This article was published in Australian Dictionary of Biography, Volume 11, (MUP), 1988
Walter Cresswell O'Reilly (1877-1954), public servant and film censor, was born on 6 June 1877 in Sydney, eldest son of American physician Walter William Joseph O'Reilly and his Ballarat-born wife Mary Narcissa, née Taylor. Dr Susannah O'Reilly was a sister. Educated at Newington College and the University of Sydney (B.A., 1903), he joined the Department of Justice in September 1897 as a junior clerk. On 14 January 1909 O'Reilly married Ethel Jane Vickery, granddaughter of Ebenezer Vickery. He enlisted in the Australian Imperial Force early in 1917 and served in France late in 1918 as a gunner. After a period as warrant officer, class 1, in the Army Education Service, in August 1919 he returned to the Department of the Attorney-General and of Justice as officer-in-charge of the justice branch. A noted Wesleyan, O'Reilly was a trustee of Pymble Methodist Church from 1902 until his death, and a choirmaster, Sunday-school-superintendent and lay preacher.
In January 1925, as the nominee of groups including the Methodist Church, the Young Men's Christian Association and the Businessmen's Efficiency League of New South Wales, he was selected from 282 applicants as the senior Commonwealth film censor in Sydney. Although nominally responsible to the part-time chief censor, Professor R. S. Wallace in Melbourne, O'Reilly became de facto chief censor because the majority of films entered Australia at Sydney; he referred to Wallace only cases about which appeals were made.
In November 1928 O'Reilly was appointed chief Commonwealth censor, heading a three-member film censorship board in Sydney, established on the recommendation of the 1927-28 royal commission on the Australian film industry (despite testimony critical of the proposal from O'Reilly and Wallace). Reappointed annually until his retirement in June 1942, O'Reilly dominated and shaped Australian film censorship. Under the very general guide-lines of the Customs (Cinematograph Films) regulations, he had wide discretion within which to define appropriate mass entertainment.
O'Reilly was dedicated to upholding Establishment values. His extreme conservatism manifested itself in decisions which often contributed to an overseas perception of Australian film censorship as among the strictest in the world. Professing to apply community standards in his decision-making rather than his personal views, he nevertheless made plain in his annual reports his desire to make the cinema conform to his paternalistic ideal of what was appropriate in mass entertainment. In practice, this meant cutting or rejecting half the films submitted until 1935. The proportion so treated fell thereafter, reflecting a tightening of the U.S. Production Code effected in 1934. His decisions occasionally attracted controversy, especially when made on political grounds or on the fitness of Australian-made films for export. Perhaps his most valuable legacy is the classification system he introduced about 1930, grading films 'For General Exhibition' and 'Not Suitable for Children'.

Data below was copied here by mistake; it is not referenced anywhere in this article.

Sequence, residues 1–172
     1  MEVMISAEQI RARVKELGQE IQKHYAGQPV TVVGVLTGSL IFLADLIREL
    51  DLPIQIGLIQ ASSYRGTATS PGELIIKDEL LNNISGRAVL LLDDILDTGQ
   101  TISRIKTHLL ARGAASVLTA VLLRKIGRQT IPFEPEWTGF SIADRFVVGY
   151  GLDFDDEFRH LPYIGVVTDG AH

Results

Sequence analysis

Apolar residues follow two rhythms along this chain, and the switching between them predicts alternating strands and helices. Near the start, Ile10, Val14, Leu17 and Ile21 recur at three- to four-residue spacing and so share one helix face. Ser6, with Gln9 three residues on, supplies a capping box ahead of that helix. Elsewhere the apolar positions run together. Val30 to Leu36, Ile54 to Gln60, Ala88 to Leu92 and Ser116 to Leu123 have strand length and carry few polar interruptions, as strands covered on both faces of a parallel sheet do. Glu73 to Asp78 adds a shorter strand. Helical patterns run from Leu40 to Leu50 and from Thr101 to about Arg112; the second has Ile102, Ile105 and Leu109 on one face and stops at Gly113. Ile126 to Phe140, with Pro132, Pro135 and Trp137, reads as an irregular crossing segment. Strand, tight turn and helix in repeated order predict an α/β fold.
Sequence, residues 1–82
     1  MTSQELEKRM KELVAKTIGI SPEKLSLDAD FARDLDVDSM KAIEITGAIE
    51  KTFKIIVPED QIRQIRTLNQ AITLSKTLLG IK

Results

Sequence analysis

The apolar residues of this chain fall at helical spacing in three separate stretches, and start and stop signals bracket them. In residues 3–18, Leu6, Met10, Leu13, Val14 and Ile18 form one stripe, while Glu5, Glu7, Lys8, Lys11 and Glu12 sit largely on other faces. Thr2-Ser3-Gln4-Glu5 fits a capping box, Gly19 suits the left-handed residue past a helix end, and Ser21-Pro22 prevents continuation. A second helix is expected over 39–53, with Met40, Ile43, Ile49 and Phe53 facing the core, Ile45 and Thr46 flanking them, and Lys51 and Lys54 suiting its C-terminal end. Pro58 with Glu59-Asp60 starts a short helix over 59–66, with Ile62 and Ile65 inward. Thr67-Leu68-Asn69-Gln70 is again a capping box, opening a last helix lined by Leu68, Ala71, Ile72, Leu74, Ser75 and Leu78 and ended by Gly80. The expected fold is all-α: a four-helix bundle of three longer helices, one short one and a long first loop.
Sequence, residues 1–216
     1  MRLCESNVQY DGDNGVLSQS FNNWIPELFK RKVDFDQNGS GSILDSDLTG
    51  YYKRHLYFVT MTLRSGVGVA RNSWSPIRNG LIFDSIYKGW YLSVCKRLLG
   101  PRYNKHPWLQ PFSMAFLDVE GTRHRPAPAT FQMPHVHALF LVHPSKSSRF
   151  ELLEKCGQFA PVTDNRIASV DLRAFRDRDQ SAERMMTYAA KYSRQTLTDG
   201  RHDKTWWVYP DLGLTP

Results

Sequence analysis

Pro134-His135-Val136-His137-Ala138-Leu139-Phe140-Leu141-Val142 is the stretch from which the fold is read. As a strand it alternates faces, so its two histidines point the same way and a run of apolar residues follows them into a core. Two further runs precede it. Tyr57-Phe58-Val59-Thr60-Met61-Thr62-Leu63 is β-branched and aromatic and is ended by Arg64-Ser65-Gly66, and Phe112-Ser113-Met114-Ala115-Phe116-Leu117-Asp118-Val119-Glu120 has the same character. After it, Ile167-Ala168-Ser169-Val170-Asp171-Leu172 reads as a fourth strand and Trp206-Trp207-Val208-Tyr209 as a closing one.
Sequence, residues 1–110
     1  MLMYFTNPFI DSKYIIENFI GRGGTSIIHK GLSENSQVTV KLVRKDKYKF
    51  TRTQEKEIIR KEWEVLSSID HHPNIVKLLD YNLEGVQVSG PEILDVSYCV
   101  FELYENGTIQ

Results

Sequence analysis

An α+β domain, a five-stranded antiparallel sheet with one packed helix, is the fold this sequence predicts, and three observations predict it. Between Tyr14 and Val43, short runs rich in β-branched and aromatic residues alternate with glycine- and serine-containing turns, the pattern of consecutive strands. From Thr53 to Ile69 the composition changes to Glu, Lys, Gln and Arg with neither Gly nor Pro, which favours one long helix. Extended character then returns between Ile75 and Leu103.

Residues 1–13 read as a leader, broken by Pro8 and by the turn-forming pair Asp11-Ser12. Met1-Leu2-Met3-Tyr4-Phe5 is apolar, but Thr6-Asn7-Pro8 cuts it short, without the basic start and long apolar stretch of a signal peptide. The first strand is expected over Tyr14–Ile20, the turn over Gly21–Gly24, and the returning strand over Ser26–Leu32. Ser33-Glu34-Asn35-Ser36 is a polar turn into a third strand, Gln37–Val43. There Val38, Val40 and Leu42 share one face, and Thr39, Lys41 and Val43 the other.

An alderman (1927-35, 1944-48) of Ku-ring-gai Municipal Council and mayor (1929-33), O'Reilly was also a councillor of Warringah shire in 1939-41. Dubbed the 'tree mayor', he was president of the State branch of the Australian Forest League in 1935-36 and 1939-40, and a member of the Forestry Advisory Council of New South Wales. He was later chairman of the New South Wales division of the National Trust of Australia. A councillor and treasurer of Wesley College, University of Sydney, from 1920, he wrote a history of the college which was published in 1956. His short History of Ku-ring-gai Shire (1948) was reprinted in 1963. O'Reilly died on 20 December 1954 at Pymble and was cremated. His wife, two sons and a daughter survived him.
Joel Greenberg, 'O'Reilly, Walter Cresswell (1877–1954)', Australian Dictionary of Biography, National Centre of Biography, Australian National University, http://adb.anu.edu.au/biography/oreilly-walter-cresswell-7920/text13779, accessed 6 December 2013.
This article was first published in hardcopy in Australian Dictionary of Biography, Volume 11, (MUP), 1988